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Like in the movie "Ratatouille," the author finds herself desiring some well-seasoned perspective.
In the movie "Ratatouille," cynical food critic Anton Ego challenges the whiskered chef to whip him up some perspective.
"That's it. I'd like some fresh, clear, well-seasoned perspective," he says. "Can you suggest a good wine to go with that?"
Even before getting out of bed, I was grumbling at the day ahead, which held charting that I hadn't finished from the day before; at my husband, who had this incredible ability to sleep through our baby's wailing; and at my son, who apparently didn't read the textbook on soothing himself back to sleep. What I didn't expect that morning was that I would get a taste of some much-needed perspective.
PRACTICE BRINGS CHANCE TO SEE LIFE'S UPS AND DOWNS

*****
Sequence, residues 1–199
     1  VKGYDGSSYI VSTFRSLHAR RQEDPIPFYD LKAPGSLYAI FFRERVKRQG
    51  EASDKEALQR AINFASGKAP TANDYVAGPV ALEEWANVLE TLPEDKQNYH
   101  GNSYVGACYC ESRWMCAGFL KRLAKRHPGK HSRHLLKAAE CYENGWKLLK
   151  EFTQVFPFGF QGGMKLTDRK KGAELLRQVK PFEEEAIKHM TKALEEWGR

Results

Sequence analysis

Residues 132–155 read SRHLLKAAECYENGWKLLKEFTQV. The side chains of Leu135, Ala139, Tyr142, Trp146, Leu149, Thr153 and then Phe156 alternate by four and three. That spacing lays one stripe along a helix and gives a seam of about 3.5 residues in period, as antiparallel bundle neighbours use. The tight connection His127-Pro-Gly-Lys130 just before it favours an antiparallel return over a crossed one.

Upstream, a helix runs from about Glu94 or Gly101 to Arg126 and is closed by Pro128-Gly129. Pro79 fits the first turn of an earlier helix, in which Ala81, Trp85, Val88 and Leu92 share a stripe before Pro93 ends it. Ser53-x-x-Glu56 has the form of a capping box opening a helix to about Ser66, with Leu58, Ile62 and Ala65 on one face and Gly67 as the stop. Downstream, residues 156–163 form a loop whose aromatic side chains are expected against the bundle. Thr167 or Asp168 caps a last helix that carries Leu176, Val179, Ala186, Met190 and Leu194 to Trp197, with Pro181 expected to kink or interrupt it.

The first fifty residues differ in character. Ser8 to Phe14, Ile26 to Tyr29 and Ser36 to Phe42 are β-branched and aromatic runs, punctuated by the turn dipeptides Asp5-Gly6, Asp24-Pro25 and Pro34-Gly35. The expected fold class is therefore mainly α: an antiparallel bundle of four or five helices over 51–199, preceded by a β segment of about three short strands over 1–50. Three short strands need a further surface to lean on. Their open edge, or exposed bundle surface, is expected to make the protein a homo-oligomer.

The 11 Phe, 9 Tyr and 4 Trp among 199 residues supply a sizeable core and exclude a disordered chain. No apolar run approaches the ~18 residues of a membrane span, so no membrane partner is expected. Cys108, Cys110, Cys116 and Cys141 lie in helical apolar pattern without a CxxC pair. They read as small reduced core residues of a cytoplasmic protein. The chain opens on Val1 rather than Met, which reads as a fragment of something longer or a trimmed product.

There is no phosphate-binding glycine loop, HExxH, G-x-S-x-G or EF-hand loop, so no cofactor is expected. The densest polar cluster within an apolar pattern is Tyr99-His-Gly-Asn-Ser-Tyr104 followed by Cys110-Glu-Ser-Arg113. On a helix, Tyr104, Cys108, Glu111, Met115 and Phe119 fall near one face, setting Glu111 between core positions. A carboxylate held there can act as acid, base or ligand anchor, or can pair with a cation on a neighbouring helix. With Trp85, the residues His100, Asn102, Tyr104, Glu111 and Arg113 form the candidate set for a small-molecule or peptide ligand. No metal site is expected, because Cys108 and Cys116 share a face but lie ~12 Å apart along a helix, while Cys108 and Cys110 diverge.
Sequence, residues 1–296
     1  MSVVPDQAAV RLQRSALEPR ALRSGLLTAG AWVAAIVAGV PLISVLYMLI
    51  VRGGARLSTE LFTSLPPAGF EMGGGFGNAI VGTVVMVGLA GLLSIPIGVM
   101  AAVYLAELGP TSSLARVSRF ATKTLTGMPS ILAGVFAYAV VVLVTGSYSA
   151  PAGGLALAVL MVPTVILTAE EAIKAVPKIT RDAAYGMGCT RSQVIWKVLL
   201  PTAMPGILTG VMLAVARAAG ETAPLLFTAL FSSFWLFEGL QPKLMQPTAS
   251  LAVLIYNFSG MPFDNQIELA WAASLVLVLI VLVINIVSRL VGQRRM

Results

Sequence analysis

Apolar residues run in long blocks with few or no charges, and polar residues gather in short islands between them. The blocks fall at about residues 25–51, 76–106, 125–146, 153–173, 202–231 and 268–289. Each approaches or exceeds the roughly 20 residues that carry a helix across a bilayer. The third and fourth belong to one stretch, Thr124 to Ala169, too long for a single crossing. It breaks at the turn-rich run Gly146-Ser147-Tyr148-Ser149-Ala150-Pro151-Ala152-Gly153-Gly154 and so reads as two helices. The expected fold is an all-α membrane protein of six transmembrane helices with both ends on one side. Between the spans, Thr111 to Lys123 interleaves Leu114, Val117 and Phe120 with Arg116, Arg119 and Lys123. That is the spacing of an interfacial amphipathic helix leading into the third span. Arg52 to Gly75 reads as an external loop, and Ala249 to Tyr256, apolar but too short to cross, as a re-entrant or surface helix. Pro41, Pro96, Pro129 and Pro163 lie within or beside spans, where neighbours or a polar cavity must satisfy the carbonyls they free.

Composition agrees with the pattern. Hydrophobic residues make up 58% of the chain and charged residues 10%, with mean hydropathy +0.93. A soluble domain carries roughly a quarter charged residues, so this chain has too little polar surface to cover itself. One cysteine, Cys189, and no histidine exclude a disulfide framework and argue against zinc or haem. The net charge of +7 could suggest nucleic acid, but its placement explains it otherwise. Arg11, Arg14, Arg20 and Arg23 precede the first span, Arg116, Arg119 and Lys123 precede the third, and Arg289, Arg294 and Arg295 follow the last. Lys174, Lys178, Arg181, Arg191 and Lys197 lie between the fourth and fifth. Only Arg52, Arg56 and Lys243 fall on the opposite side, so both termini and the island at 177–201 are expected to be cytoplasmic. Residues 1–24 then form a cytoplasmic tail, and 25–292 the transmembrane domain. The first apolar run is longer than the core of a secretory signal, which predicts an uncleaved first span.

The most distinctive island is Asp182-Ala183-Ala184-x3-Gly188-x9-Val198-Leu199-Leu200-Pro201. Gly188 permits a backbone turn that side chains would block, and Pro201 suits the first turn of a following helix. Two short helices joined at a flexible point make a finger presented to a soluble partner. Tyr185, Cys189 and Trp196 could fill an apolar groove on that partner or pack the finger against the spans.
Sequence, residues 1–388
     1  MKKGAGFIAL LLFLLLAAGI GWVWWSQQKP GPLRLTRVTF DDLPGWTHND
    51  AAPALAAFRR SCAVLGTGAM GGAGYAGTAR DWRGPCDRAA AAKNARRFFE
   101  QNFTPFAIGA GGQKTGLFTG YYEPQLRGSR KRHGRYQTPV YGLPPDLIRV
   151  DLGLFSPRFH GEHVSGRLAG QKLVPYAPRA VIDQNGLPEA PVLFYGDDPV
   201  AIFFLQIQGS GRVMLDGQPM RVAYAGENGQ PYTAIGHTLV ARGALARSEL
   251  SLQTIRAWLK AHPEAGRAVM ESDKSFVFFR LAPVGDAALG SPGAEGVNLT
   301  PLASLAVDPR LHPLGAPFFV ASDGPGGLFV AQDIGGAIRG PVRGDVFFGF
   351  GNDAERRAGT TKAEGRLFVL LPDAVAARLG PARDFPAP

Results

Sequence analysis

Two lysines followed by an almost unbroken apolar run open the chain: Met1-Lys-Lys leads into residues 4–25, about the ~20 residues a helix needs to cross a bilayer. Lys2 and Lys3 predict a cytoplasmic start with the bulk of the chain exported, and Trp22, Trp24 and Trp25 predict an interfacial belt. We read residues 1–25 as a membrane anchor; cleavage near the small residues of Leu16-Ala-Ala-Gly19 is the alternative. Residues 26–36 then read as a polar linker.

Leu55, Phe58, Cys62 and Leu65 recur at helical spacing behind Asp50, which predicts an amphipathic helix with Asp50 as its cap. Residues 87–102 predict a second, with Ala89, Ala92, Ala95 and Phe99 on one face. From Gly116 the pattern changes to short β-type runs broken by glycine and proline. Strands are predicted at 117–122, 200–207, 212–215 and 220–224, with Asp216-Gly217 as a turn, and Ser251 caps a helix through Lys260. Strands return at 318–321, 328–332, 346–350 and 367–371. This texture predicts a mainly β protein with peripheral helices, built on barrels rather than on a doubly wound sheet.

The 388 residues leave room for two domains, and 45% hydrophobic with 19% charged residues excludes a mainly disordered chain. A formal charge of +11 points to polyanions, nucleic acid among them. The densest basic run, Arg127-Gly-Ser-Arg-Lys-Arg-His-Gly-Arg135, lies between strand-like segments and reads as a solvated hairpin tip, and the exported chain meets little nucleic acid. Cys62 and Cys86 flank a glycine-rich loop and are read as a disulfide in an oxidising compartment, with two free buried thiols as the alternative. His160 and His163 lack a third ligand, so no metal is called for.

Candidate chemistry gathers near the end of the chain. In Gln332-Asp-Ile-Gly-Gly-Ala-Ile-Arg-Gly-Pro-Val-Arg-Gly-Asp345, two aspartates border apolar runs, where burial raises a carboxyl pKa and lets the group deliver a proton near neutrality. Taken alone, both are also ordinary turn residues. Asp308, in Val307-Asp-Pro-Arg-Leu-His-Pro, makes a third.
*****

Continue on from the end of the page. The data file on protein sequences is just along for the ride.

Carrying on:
Perspective is elusive in the practice of medicine. On one hand, the opportunity to see into the lives of so many people, witnessing their hurts and fears, provides a broad perspective on life. From a person's triumphant joys to his or her most menial struggles, there is no generic story.
On the other hand, lives are messy. Emotions are inconvenient. With perspective comes the discomfort and danger of vulnerability, so it often is easier to back away and let it be a pretty concept on the shelf to admire and applaud. And besides, that pesky thing called productivity prefers a nice tidy SOAP note, a quick scribble of a signature, and a terse pat on the back.